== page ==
Kate Andrews for BBC 5 Live on whether to trust the Labour party with the economy

Kate Andrews, Head of Communications at the Adam Smith Institute, took part in a debate for BBC 5 Live this morning on whether or not the new Labour leadership should be given a chance with the UK economy. In this heated debate she argues against trusting them, and discusses issues such as housing, tax evasion and austerity measures.

Listen to the full interview here.  (starts 07:00)


Sam Bowman’s comments on fossil fuels feature in City AM

Deputy Director at the Adam Smith Institute, Sam Bowman, has featured in City AM for his opinion on fossil fuel divestment.

“Divestment is deeply misguided. At best, it has no effect on share prices. At worst, it transfers wealth to less scrupulous investors who benefit by paying less for oil stocks,” Sam Bowman, deputy director at free market think tank the Adam Smith Institute, told City A.M.

ASI report “The Green Noose” features in The Times

ASI report The Green Noose: An analysis of Green Belts and proposals for reform has featured in in The Times:

The problem of house price inflation could be transformed tomorrow if a small proportion of the land that surrounds our major cities was released for housebuilding. The Adam Smith Institute estimates that reclassifying just 1.5 per cent of the nation’s green belt would be enough to build 1.4 million new homes.

Read the full article here.

The ASI report, The Green Noose: An analysis of Green Belts and proposals for reform, looks at the Green Belt’s impact on England’s housing shortage. After a comprehensive review of the causes of the housing crisis, it concludes that the planning structure is out of date and in need of radical reform.

New ASI paper “Utility Gains” features in the Daily Mail and the Express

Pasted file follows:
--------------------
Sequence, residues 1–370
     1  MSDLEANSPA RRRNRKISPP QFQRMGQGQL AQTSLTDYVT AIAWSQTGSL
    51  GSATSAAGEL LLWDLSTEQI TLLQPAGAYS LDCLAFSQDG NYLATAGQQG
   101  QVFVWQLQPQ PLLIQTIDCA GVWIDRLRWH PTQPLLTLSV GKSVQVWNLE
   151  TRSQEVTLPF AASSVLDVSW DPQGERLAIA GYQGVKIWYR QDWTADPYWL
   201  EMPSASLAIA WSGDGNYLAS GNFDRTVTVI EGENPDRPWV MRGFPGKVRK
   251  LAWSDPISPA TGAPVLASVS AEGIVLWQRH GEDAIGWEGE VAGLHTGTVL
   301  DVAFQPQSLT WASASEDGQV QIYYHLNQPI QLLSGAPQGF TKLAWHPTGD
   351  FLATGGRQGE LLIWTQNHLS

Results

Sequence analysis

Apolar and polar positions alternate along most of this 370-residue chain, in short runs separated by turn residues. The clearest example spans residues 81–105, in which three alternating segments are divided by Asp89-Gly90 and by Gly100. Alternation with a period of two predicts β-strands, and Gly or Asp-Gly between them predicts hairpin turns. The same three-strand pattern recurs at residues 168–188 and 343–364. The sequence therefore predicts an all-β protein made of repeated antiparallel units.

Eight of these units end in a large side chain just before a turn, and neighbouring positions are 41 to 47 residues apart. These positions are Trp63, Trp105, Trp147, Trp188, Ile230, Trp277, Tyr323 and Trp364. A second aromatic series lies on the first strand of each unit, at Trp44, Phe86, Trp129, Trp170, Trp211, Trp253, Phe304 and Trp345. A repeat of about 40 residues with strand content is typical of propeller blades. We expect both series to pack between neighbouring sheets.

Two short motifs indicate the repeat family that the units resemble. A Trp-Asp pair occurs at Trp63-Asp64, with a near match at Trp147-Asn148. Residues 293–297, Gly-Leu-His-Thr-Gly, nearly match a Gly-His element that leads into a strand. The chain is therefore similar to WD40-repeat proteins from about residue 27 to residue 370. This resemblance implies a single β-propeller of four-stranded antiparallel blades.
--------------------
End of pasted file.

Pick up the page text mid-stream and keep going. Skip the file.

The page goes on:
The latest ASI paper  “Utility Gains: Assessing the Record of Britain’s Privatized Utilities”, was featured in both the Daily Mail and the Express this morning, in articles covering the expansion of BT and Corbyn’s plans to nationalise the railways, respectively.

From the Express:

Increased threats of strikes, less reliable services and monstrous inefficiencies are just some of the crippling implications to a Government-run railway, according to top economist Dr Eamonn Butler.

In a report for for independent thinktank The Adam Smith Institute, Dr Butler says the new Labour leader’s plans to bring back British Rail are ‘dismal’ and would cause the network to stagnate.

Read the article here.

And from the Daily Mail:

Privatisation may not have been perfect but it is infinitely better than the heavy handed state control advocated by Jeremy Corbyn and his acolytes.

Nevertheless, the findings of a study by the laissez-faire Adam Smith Institute should be a must-read, not just for the Shadow Cabinet, but also some of the privatised utilities which still behave like monopolists.

As a private company BT has been far more adventurous and innovative that it could ever have been in the public sector. But it still acts as if it has the God-given right to be Britain’s dominant telecoms company.

Read the full article here.

A new Adam Smith Institute paper, “Utility Gains: Assessing the Record of Britain’s Privatized Utilities” assesses the various utility sales of telecoms, gas, water and electricity companies during the 1980’s and 1990’s and looks at how government, shareholders and customers fared since the privatisation process.

Click here to access the full press release.

Ben Southwood for BBC 5 Live discussing renationalisation of the railways

Ben Southwood, Head of Research at the Adam Smith Institute, spoke to BBC Five about the potential drawbacks of renationalising the railways in Britain. He argues that train usage has increased profoundly since privatisation occurred, and that other forms of transport are providing adequate competition for the sector.

Listen to the full interview here. (Starts 01:15:00)